__Spearman’s Rank Correlation Coefficient__Spearman’s Rank Correlation Coefficient, also referred to as Spearman’s rho, is a non-parametric alternative to the Pearson correlation. The Spearman alternative is utilized in circumstances when either data samples are non-linear*, or the data type contained within those samples are ordinal**. The output variable that this method produces is known as “rho”. Hence the alternative name which this method is referred to as (“Spearman’s Rho).

As is case with non-parametric alternatives, the particular design of this procedure utilizes a rank system.

__Example:__We are presented with the following data vectors from two survey prompts:

**# Create data vector (scale 1-5) #**

x <- c(5, 1, 1, 1, 3, 2, 5, 3, 3, 2, 4, 4, 4, 2, 5, 4, 4, 4, 4, 2)

# Create data vector (scale 1-5) #

y <- c(4,5, 4, 3, 1, 1, 5, 4, 5, 4, 3, 4, 3, 4, 5, 5, 3, 3, 5, 4)

# Create Spearman’s Rank Correlation #

cor.test(x, y, method=c("spearman"))

x <- c(5, 1, 1, 1, 3, 2, 5, 3, 3, 2, 4, 4, 4, 2, 5, 4, 4, 4, 4, 2)

# Create data vector (scale 1-5) #

y <- c(4,5, 4, 3, 1, 1, 5, 4, 5, 4, 3, 4, 3, 4, 5, 5, 3, 3, 5, 4)

# Create Spearman’s Rank Correlation #

cor.test(x, y, method=c("spearman"))

This produces the output:

*Spearman's rank correlation rho*

data: x and y

S = 1072.1, p-value = 0.4126

alternative hypothesis: true rho is not equal to 0

sample estimates:

rho

0.1939455

data: x and y

S = 1072.1, p-value = 0.4126

alternative hypothesis: true rho is not equal to 0

sample estimates:

rho

0.1939455

From this output, we can first determine that the model strength is not the best, as the p-value = 0.4126, a value which is far above the common alpha level of .05. Next, we will assess the rho value output, which is 0.192955. This value is measured on a scale similar to the Pearson’s correlation. Since this value is relatively low, we will assume a weak positive correlation.

**- For an example as to what non-linear data might resemble, please refer to the article “(R) Polynomial Regression”, published April 17, 2018.*

**- For example, survey response data which asked the respondent to rank a particular item on a scale of 1-10.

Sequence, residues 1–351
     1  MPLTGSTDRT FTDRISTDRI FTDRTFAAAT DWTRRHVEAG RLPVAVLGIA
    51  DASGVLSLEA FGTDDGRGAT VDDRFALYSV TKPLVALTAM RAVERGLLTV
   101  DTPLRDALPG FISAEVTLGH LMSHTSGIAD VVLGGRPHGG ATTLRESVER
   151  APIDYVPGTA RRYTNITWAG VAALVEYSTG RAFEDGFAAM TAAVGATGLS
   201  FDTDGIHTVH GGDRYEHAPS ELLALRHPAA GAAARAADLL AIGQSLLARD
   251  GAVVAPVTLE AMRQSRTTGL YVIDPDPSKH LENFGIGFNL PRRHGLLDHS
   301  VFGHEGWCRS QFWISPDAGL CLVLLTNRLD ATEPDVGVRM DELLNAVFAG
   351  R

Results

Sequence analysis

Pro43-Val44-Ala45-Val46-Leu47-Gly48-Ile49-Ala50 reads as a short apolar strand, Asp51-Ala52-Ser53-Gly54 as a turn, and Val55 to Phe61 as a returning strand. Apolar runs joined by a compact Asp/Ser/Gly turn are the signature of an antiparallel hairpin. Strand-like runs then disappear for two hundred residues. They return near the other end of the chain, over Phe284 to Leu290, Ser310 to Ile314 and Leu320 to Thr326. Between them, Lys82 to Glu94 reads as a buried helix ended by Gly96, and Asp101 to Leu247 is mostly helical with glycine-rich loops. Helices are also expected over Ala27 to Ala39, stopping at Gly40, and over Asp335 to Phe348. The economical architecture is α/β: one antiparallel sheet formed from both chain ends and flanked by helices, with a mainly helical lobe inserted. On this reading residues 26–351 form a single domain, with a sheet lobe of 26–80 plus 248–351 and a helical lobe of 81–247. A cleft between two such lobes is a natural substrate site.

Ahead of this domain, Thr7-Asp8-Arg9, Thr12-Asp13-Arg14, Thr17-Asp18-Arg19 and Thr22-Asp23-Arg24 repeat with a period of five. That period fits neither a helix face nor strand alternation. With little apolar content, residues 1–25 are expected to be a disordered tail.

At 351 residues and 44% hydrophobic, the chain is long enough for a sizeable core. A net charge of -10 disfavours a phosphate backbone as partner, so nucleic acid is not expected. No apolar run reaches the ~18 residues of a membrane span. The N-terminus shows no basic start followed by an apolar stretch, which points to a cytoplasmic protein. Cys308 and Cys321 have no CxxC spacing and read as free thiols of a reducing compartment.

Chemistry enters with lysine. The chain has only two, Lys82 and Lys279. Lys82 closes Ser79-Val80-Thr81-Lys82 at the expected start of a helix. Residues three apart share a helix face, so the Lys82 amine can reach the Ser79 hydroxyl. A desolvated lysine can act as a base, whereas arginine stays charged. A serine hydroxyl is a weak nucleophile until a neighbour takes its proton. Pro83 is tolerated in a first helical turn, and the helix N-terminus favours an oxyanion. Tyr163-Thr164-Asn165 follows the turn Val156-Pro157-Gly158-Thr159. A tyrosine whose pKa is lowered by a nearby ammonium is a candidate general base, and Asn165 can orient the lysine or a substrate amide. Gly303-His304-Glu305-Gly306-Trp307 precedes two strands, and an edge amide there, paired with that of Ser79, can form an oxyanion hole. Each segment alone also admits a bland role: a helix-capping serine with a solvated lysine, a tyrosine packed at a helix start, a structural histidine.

**- For example, survey response data which asked the respondent to rank a particular item on a scale of 1-10.

__Kendall Rank Correlation Coefficient__The Kendall Rank Correlation Coefficient, also referred to as Kendall’s Tau, is also a non-parametric alternative to the Pearson correlation. Like Spearman’s rho, Kendall’s Tau is also utilized in circumstances when either data samples are non-linear, or the data type contained within those samples are ordinal. The output variable that this method produces is known as “rho”. As is case with non-parametric alternatives, the particular design of this procedure utilizes a rank system.

__Example:__We are presented with the following data vectors from two survey prompts:

**# Create data vector (scale 1-5) #**

x <- c(5, 1, 1, 1, 3, 2, 5, 3, 3, 2, 4, 4, 4, 2, 5, 4, 4, 4, 4, 2)

# Create data vector (scale 1-5) #

y <- c(4,5, 4, 3, 1, 1, 5, 4, 5, 4, 3, 4, 3, 4, 5, 5, 3, 3, 5, 4)

# Create Kendall Rank Correlation #

cor.test(x, y, method=c("kendall"))

x <- c(5, 1, 1, 1, 3, 2, 5, 3, 3, 2, 4, 4, 4, 2, 5, 4, 4, 4, 4, 2)

# Create data vector (scale 1-5) #

y <- c(4,5, 4, 3, 1, 1, 5, 4, 5, 4, 3, 4, 3, 4, 5, 5, 3, 3, 5, 4)

# Create Kendall Rank Correlation #

cor.test(x, y, method=c("kendall"))

This produces the output:

*Kendall's rank correlation tau*

data: x and y

z = 0.84528, p-value = 0.398

alternative hypothesis: true tau is not equal to 0

sample estimates:

tau

0.1617271

data: x and y

z = 0.84528, p-value = 0.398

alternative hypothesis: true tau is not equal to 0

sample estimates:

tau

0.1617271

From this output, we can first determine that the model strength is not the best, as the p-value = 0.398, a value which is far above the common alpha level of .05. Next, we will assess the rho value output, which is 0.1617271. This value is measured on a scale similar to the Pearson’s correlation. Since this value is relatively low, we will assume a weak positive correlation.

__Conclusion:__**While both methods provide similar functionality, the Spearman’s Rank Correlation is utilized far more frequently than the Kendall Rank Correlation. I typically utilize both methodologies, compare the results of each, and then report my findings in a subsequent research composition.**

I hope that you have found this article to be informative and interesting. Until next time, stay inquisitive, Data Heads!

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